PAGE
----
Interdisciplinarity, just like multi- and transdisciplinarity, is very much in vogue. At its very core, interdisciplinarity unites various disciplines which are usually studied separately. A seemingly simple concept, the movement is a subject which has caused varied reactions and has been written about frequently. Some see this as a simple open-mindedness, as old as time, easy to implement. Others see it as a new scientific perspective, in reaction to the overspecialization of practitioners which has been the norm for the last century, and difficult to put into practice because it demands particular skill. Whatever the case may be, almost all authors see it as the future of science, but it is too often set back by traditional thinking and force of habit within the university milieu, with medicine and pharmacy on one side of the spectrum and social sciences and law on the other. With this innovative conference, strongly focused on a rare interfaculty collaboration, the IIAPC and the University of Montreal, proud partners of the event, are demonstrating open-mindedness in the face of issues raised by new knowledge. The innovative science of personalized medicine is of interest for a multitude of disciplines, areas of expertise and professional practices. Informed decisions on the matter require a global perspective as well as cutting edge knowledge. This is the advantage of a conference which, at its core, will highlight the interdisciplinary issues raised by a personalized approach to health care, and the potential impact of this approach on the pharmaceutical life cycle.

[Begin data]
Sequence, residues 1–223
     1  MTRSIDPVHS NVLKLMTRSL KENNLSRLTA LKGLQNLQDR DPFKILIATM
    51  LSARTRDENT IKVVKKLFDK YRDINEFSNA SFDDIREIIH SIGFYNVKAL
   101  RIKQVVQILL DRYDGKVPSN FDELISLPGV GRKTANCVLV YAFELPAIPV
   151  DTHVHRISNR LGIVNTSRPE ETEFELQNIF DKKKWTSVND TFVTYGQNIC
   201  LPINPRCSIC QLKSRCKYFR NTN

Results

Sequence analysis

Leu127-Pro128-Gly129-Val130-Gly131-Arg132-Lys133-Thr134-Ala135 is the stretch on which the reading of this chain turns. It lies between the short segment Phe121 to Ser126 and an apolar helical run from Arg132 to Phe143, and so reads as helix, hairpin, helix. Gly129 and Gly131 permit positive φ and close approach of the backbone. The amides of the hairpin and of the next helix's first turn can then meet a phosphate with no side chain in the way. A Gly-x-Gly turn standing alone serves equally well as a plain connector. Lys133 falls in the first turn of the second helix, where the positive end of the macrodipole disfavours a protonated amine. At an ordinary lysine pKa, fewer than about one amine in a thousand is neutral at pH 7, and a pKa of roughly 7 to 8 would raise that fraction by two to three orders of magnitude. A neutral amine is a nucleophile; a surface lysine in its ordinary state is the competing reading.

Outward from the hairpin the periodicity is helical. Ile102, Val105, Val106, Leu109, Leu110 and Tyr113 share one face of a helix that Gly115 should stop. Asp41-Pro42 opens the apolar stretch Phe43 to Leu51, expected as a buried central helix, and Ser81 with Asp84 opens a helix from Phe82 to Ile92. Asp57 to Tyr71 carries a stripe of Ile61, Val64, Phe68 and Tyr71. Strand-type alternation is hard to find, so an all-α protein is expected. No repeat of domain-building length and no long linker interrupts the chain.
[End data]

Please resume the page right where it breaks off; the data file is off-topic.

This content has been updated on 16 December 2018 at 13 h 29 min.